The town of the Sykes! Never before have I regretted so much not having a black marker pen to hand… The town of Syke is, alas, not one of Germany’s most attractive destinations. A little run down and in need of investment (insert your own joke at this point). Pausing to take a picture of the Syke Bierhaus I was offered help by a bemused local. He didn’t seem to understand my connection with my name and the place where he lived but he did recommended a good restaurant a little further down the street. The two local police officers – Sandra (who has only worked here for six months) and Olaf (who is a Syker by birth!) were of more use; 45,000 people live in Syke, it has no industry to talk of and most people commute to Bremen to work. The ‘S’ in Syke is pronounced like a ‘Z’ and, according to Olaf (translated by Sandra), the word in German refers to the bottom bit of a valley. A €1 shop, McDonalds, kebab outlets, Aldi… You can imagine the kind of place it is. It redeems itself, however, by having two bike shops. Onwards!
I’ve just discovered this on the edge of Syke. Can someone explain what it refers to in 1809 and what’s the connection with Great Britain?
did you get the address of that lady police officer?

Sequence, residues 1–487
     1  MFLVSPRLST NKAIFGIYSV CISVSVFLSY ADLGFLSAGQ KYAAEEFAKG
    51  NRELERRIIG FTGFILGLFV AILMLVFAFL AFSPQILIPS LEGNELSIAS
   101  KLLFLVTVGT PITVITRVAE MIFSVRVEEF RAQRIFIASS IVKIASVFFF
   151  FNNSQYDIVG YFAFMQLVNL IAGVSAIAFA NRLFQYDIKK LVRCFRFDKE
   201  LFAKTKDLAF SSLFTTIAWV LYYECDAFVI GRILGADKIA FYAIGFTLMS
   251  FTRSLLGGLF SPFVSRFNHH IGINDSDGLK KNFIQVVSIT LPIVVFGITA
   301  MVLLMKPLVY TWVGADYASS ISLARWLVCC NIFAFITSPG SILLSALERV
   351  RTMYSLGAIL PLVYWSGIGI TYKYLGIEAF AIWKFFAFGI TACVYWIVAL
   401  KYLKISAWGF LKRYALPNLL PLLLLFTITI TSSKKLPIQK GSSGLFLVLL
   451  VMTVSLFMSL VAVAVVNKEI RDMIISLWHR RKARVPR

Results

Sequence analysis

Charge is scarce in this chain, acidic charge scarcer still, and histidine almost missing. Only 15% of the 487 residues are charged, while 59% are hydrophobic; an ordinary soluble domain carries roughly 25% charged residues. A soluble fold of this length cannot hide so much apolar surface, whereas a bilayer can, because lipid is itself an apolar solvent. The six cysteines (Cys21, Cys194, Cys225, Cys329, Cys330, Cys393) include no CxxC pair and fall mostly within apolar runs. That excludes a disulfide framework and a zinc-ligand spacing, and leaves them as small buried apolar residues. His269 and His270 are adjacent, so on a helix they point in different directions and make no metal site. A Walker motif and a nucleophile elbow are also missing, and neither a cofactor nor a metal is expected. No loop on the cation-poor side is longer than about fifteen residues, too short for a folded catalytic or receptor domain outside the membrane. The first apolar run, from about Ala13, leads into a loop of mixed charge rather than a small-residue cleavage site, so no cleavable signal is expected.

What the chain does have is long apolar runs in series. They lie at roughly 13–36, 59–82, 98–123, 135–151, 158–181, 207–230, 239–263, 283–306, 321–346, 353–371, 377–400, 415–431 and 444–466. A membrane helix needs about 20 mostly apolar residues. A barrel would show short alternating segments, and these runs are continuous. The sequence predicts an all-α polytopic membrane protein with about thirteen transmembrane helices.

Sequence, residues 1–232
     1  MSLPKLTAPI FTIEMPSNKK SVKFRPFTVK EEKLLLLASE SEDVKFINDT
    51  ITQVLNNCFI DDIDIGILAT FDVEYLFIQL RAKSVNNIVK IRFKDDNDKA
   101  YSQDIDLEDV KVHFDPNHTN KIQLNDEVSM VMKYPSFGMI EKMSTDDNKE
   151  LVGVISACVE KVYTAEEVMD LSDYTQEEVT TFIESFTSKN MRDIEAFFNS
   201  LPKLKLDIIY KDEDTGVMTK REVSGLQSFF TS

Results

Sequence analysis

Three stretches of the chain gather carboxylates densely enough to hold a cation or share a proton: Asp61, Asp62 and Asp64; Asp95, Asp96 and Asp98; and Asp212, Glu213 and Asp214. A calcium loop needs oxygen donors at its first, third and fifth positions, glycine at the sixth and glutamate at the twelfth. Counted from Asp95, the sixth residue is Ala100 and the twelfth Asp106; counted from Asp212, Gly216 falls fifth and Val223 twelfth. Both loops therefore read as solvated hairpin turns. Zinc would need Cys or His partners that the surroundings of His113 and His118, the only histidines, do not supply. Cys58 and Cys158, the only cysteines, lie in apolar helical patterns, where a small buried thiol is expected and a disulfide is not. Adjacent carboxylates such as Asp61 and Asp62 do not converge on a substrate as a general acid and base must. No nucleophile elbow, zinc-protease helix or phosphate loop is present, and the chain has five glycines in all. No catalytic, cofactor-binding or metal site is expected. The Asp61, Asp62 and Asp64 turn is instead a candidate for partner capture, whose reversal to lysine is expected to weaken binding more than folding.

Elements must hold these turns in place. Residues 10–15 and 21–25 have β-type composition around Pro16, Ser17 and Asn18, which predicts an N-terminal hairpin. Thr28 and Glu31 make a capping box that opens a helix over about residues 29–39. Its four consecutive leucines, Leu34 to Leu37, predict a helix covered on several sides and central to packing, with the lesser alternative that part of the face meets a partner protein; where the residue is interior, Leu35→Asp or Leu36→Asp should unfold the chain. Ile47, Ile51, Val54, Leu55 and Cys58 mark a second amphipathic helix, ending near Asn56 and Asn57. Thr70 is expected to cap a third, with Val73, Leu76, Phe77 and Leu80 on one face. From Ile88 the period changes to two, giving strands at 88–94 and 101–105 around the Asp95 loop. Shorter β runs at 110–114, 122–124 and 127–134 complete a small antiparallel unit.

Not sure how well it works on an IPhone (translating photographs, or directly through the camera) but here it is, in case you dont already use it 🙂
Ran the photo through google translate on my phone and got this:
‘Monument Black Count tour Aqua-tour dedicated to the legendary Duke Friedrich Wilhelm von Braunschweig-Oels and its approximately 2,000 guerrillas. On August 5, 1809, Herzog held with the bulk of the volunteer corps under the trees in Krendl lunch. The struggle of Schwarzunifor- occupiers and their attempt at a folk-optimized uprising against Napoleon h to kindle, had failed. When the troops reached Syke, she had only one goal: the flight into reliable UK. The 1863 unveiled monument is the iilteste the Hachestadt.’
Not a great translation but then found this on wikipedia: en.m.wikipedia.org/wiki/Frederick_William,_Duke_of_Brunswick-Wolfenbüttel
When the War of the Fifth Coalition broke out in 1809, Frederick William used this opportunity to create a corps of partisans with the support of the Austrian Empire. This corps was called the Black Brunswickers because they wore black uniforms in mourning for their occupied country. He financed the corps independently by mortgaging his principality in Oels, and made his way from Austrian Bohemia through the French-allied states of Saxony and Westphalia to the North Sea coast.
Frederick William briefly managed to retake control of the city of Braunschweig in August 1809, which gained him the status of a local folk hero. He then fled to England to join forces with his brother-in-law, later to be King George IV. His troops were taken into British pay and the Duke was granted the rank of lieutenant general in the British Army on 1 July 1809. His corps of originally 2,300 soldiers was largely destroyed in battles in Spain and Portugal during the Peninsular War.’